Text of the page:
Why bother splitting hairs over a phrase that the president -- under the most difficult emotional circumstances -- said, when he was doing his best to offer solace to those in that high school auditorium, while the rest of us looked on from our own homes? Because there is the danger that the words provide a comfort to those of us who cannot afford to be comforted. While the families gathered in that auditorium need all the comfort they can get, the rest of us out here need to stay discomforted and disturbed so that we persist in achieving the change, finally, to our nation's gun policies, our culture of violence, our inadequate mental health care system, and other factors that contributed to this tragedy and the daily tragedy of eight young lives lost to gun violence that rarely makes the news. And if we do not achieve these changes it will not be God's failure or God's will, it will be ours.
I don't doubt and am in fact deeply grateful for what I believe is President Obama's deep commitment to leading our nation to more sensible gun policies and other change that will keep our children safer. Earlier in the speech, President Obama rightly reflected:
"This is our first task -- caring for our children. It's our first job. If we don't get that right, we don't get anything right. That's how, as a society, we will be judged. And by that measure, can we truly say, as a nation, that we are meeting our obligations? Can we honestly say that we're doing enough to keep our children -- all of them -- safe from harm? Can we claim, as a nation, that we're all together there, letting them know that they are loved, and teaching them to love in return? Can we say that we're truly doing enough to give all the children of this country the chance they deserve to live out their lives in happiness and with purpose? I've been reflecting on this the last few days, and if we're honest with ourselves, the answer is no. We're not doing enough. And we will have to change."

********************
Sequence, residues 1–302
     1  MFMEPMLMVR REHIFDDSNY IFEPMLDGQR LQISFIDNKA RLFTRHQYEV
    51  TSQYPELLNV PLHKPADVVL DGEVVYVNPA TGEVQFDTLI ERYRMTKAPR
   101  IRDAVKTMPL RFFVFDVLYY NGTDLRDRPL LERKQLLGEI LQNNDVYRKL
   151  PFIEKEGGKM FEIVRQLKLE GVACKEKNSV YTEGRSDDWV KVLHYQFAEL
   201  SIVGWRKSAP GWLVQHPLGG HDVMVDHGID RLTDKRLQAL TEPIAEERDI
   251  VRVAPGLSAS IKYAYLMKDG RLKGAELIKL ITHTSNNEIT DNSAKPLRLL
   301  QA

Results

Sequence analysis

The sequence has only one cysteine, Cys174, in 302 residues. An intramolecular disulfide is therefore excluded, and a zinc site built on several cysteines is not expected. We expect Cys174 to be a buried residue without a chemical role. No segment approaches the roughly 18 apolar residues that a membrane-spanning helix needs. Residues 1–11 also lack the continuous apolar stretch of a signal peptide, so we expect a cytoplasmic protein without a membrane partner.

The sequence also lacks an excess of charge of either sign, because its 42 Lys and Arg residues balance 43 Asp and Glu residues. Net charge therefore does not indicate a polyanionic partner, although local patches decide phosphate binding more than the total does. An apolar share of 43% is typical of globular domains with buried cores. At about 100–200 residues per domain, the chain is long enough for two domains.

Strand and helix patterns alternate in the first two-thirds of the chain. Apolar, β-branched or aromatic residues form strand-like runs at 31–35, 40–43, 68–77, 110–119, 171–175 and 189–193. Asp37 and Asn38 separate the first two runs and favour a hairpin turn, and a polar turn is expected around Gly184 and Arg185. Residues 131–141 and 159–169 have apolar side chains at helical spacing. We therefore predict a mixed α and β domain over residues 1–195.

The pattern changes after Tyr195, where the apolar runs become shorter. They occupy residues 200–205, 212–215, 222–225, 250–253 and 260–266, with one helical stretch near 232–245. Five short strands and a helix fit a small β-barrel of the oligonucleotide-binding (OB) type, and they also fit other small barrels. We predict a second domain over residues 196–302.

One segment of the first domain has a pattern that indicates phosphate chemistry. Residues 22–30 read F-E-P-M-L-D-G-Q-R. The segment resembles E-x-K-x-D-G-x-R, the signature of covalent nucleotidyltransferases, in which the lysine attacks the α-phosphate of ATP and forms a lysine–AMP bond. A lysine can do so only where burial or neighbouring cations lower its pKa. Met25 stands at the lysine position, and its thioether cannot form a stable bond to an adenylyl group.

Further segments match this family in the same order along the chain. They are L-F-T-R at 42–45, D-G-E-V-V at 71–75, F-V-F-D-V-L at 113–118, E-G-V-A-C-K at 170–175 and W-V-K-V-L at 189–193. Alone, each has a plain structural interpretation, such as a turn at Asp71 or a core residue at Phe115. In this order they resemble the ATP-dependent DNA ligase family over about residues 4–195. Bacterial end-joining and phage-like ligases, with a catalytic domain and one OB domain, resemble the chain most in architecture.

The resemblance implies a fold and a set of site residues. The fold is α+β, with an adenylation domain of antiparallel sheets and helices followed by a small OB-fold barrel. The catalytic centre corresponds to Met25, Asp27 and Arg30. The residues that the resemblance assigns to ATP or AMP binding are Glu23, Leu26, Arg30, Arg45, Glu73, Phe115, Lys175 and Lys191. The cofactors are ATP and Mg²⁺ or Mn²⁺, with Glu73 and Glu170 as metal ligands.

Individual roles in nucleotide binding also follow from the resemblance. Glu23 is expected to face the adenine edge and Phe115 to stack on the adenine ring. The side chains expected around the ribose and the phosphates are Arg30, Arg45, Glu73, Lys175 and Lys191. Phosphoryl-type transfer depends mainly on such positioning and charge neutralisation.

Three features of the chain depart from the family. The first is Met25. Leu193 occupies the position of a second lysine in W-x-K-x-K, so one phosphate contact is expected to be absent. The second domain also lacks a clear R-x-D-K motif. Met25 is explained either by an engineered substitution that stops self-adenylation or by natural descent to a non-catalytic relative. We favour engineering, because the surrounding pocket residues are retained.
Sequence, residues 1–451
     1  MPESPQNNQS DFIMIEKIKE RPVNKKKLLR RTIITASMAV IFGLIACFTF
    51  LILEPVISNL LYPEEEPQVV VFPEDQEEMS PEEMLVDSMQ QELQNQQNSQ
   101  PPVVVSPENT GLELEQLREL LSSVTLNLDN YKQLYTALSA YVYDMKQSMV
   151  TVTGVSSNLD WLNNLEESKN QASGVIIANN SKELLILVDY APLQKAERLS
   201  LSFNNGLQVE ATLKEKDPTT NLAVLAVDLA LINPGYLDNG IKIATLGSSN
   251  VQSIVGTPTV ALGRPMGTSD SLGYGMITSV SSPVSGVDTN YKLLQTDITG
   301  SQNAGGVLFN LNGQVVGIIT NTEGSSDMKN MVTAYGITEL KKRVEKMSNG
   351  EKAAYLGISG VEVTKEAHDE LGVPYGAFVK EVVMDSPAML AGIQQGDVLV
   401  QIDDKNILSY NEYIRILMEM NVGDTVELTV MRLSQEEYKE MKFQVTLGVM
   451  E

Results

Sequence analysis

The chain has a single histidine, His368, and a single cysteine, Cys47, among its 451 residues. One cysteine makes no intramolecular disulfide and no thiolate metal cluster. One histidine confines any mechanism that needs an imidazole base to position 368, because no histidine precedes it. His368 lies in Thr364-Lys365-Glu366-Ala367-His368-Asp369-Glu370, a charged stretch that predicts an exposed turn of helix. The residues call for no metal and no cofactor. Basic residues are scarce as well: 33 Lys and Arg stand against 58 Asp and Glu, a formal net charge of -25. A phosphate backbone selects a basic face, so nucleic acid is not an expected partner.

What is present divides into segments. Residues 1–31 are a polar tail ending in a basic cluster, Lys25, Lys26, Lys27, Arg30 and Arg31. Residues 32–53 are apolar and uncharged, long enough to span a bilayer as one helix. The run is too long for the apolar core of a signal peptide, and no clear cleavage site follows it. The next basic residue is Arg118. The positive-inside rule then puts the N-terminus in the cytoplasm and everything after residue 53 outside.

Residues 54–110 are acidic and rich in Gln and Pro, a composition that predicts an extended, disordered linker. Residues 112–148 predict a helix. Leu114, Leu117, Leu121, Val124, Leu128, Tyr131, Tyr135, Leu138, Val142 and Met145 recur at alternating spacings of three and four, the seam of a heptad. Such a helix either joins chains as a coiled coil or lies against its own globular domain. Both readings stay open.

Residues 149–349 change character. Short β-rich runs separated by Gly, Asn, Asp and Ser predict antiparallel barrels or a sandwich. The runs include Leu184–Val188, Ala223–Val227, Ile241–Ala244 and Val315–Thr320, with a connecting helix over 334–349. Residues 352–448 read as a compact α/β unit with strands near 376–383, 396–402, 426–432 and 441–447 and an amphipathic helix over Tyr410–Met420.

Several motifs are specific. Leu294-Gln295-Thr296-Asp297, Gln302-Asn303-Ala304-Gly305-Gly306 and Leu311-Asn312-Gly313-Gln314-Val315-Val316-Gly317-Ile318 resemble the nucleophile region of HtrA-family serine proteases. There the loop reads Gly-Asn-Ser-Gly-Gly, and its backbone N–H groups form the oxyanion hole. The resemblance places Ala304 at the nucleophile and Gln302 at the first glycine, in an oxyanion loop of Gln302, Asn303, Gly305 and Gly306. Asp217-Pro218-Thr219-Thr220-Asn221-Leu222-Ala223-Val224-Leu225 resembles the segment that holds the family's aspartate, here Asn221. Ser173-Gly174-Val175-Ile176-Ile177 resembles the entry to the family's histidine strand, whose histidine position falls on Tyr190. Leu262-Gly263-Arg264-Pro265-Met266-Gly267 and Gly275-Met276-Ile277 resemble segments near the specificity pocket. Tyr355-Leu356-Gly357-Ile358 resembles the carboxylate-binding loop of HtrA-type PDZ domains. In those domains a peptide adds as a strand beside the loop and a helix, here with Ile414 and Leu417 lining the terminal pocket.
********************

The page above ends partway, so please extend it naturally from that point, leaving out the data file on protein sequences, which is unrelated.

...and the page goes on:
The president followed his much quoted line, "God has called them all home," with the charge "For those of us who remain, let us find the strength to carry on, and make our country worthy of their memory. May God bless and keep those we've lost in His heavenly place. May He grace those we still have with His holy comfort. And may He bless and watch over this community, and the United States of America." The charge to find strength to make the country worthy of the children's memory didn't make the crawl at the bottom of the news shows or get tweeted in the way that his line about the children being called home did. But we can't afford to let the charge and challenge get lost in the shuffle.
Even -- no, especially -- in the wake of this terrible tragedy, may those of us who have watched in horror at the pain of those families and the loss of those children have the strength not to seek comfort but to embrace challenge. I think the words of this Franciscan benediction are meant for us:
May God bless you with discomfort
At easy answers, half-truths, and superficial relationships,
So that you may live deep within your heart.
May God bless you with anger
At injustice, oppression, and exploitation of people,
So that you may work for justice, freedom, and peace.
May God bless you with tears
To shed for those who suffer from pain, rejection, starvation, and war,
So that you may reach out your hand to comfort them and turn their pain to joy.
And may God bless you with enough foolishness
To believe that you can make a difference in this world,
So that you can do what others claim cannot be done.